There are many reasons.
Those conditions mentioned certainly cause tremors. Here's some more:
Hypoglycemia (low blood sugar)
Alcohol and other drug withdrawal
Chances are at your age it is blood sugar related. When it occurs, drink some fruit juice. If it lessens, you have your answer. If it doesn't see a doctor.
There are two tremor disorders that are generally benign (not harmful). One is familial tremors, other essential tremors. Familial, as it sounds is an inherited condition. It can be treated with medication, but can not be cured. The other condition, essential tremor is similar to familial but no family linkage can be found. It too can be treated but not cured.
More info below. Hope this helps.
Rick the Pharmacist
Essential tremor is a nerve disorder in which tremors (shakes) occur in a person who is moving or trying to move and no cause can be identified.
All people have some degree of tremor during movement. This shaking normally involves mainly the hands. Stress, fatigue, anger, fear, caffeine, and cigarettes may temporarily worsen this type of tremor.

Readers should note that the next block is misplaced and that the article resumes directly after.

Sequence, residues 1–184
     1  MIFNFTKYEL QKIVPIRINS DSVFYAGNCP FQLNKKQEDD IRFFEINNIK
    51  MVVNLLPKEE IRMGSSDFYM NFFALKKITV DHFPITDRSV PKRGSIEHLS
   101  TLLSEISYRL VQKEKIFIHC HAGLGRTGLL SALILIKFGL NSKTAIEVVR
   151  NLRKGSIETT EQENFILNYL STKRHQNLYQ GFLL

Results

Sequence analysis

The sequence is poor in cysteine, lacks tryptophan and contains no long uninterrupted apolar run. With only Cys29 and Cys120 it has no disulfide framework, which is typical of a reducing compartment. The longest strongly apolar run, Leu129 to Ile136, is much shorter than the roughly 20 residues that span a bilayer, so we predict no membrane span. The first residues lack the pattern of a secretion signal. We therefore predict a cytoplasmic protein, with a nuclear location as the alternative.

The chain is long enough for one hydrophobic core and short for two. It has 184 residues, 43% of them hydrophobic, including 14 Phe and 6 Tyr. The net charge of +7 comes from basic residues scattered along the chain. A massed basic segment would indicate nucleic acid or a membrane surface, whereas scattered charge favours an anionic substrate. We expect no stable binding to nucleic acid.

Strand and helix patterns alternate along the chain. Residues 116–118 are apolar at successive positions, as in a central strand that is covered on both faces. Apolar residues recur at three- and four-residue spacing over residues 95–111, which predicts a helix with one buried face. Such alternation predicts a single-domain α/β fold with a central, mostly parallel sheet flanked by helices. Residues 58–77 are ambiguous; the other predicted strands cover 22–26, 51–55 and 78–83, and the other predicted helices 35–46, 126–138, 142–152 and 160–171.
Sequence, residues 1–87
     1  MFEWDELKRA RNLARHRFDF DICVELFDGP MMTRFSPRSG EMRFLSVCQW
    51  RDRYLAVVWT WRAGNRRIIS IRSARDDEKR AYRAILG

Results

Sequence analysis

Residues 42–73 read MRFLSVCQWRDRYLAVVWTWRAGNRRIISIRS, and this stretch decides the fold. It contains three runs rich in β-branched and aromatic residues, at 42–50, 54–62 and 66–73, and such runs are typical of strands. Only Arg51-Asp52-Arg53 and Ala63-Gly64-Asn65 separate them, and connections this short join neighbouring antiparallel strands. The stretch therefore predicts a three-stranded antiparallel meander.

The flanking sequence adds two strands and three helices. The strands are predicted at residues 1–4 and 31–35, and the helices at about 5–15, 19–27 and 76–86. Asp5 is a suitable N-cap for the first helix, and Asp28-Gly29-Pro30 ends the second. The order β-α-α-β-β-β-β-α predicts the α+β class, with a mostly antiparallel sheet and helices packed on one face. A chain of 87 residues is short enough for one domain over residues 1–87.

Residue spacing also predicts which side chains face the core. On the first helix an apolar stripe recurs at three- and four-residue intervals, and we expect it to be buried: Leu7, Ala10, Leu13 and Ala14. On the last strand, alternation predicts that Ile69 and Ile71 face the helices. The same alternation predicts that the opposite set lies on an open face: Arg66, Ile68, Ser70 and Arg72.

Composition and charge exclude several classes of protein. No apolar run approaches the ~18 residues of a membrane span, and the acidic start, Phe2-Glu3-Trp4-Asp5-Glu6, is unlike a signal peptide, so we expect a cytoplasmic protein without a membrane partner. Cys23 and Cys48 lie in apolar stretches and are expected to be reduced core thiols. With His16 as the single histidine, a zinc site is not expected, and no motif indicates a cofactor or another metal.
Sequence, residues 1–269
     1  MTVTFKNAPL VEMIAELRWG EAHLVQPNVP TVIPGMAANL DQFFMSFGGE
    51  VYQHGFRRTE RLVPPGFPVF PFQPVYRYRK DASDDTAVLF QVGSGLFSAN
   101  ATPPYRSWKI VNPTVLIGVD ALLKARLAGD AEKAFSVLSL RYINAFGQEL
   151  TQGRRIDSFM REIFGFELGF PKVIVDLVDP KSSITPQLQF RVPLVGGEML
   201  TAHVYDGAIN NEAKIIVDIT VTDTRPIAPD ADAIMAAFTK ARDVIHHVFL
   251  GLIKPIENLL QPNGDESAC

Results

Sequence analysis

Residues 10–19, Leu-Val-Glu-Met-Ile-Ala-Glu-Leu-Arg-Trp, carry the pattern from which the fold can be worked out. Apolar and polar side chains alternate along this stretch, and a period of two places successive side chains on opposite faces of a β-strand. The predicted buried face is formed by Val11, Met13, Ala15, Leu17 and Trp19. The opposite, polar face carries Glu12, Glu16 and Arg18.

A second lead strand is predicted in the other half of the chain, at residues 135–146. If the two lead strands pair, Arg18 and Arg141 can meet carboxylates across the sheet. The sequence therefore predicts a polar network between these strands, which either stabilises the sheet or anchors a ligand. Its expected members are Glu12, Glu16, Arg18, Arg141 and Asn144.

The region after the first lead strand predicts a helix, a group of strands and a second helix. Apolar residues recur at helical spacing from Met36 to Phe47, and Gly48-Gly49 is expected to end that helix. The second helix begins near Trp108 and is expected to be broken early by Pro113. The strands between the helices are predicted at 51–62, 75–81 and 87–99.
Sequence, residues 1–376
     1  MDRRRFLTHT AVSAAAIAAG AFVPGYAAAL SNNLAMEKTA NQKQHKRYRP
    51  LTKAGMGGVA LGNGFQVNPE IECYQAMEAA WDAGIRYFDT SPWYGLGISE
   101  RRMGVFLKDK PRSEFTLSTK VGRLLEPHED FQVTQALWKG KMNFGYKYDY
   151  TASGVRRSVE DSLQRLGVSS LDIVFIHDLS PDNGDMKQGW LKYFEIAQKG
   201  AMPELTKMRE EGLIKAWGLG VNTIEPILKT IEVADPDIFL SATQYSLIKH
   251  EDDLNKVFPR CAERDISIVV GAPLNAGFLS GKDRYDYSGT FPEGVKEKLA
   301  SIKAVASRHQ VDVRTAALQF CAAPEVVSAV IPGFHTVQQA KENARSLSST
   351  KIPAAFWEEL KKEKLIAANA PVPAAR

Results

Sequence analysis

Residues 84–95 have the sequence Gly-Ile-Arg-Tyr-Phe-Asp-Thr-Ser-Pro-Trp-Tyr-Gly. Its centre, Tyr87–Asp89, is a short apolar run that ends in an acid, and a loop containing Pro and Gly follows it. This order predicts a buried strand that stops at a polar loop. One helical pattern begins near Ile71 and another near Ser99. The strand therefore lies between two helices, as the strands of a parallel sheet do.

Essential tremor is the most common form of abnormal tremor. Although the cause is unknown, new research shows that the part of the brain called the cerebellum does not appear to work correctly in patients with essential tremor. The cerebellum is the part of the brain that coordinates muscle movements.
Essential tremor is a relatively benign condition, affecting movement or voice quality, but with no other effects. It involves a rhythmic, moderately rapid tremor of voluntary muscles. Purposeful movements may make the tremors worse, while avoiding hand movements may make the tremors go away completely. People with essential tremors may have trouble holding or using small objects, such as silverware or a pen.
Over time, the tremors may affect the hands, arms, head, voice box, eyelids, or other muscles. An essential tremor rarely involves the legs or feet.
There are several different types of essential tremor, including young-onset essential tremor and essential tremor with head tremor. These types differ in their response to treatment.
If an essential tremor occurs in more than one member of a family, it is called a familial tremor. It appears that genes may play a role in the development of essential tremors. Not only have the tremors been shown to be passed down through families, but an identical twin (who shares the same genes) of a person with essential tremor is twice as likely as a fraternal twin (who has different genes) to have essential tremor. Since some identical twins do not share this condition, environmental factors must also play a role.
Essential tremors can occur at any age but are most common in people older than 65.